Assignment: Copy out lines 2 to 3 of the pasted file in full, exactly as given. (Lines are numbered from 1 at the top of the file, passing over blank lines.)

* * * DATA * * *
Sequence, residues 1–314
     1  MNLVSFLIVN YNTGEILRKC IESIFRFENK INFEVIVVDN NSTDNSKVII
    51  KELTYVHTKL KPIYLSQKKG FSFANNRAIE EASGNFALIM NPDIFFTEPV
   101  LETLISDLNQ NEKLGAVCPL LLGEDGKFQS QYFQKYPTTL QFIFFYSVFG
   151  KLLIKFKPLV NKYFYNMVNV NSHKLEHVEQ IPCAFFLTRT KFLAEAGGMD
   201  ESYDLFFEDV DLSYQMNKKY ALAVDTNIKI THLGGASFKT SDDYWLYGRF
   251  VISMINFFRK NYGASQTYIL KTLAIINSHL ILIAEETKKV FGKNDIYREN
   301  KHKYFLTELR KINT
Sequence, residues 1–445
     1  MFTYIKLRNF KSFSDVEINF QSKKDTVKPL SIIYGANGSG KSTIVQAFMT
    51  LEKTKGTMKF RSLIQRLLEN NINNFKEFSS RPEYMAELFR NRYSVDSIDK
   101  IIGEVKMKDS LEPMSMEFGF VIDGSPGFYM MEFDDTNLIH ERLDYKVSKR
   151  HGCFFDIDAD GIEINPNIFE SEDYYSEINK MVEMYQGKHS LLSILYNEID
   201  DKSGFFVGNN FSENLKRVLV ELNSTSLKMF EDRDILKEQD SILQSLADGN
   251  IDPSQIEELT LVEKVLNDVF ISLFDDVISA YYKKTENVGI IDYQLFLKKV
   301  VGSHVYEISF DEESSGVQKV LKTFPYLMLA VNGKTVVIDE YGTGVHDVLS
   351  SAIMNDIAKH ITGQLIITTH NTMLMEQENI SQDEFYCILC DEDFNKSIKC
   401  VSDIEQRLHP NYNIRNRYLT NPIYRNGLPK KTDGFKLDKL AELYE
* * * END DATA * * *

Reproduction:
     1  MNLVSFLIVN YNTGEILRKC IESIFRFENK INFEVIVVDN NSTDNSKVII
    51  KELTYVHTKL KPIYLSQKKG FSFANNRAIE EASGNFALIM NPDIFFTEPV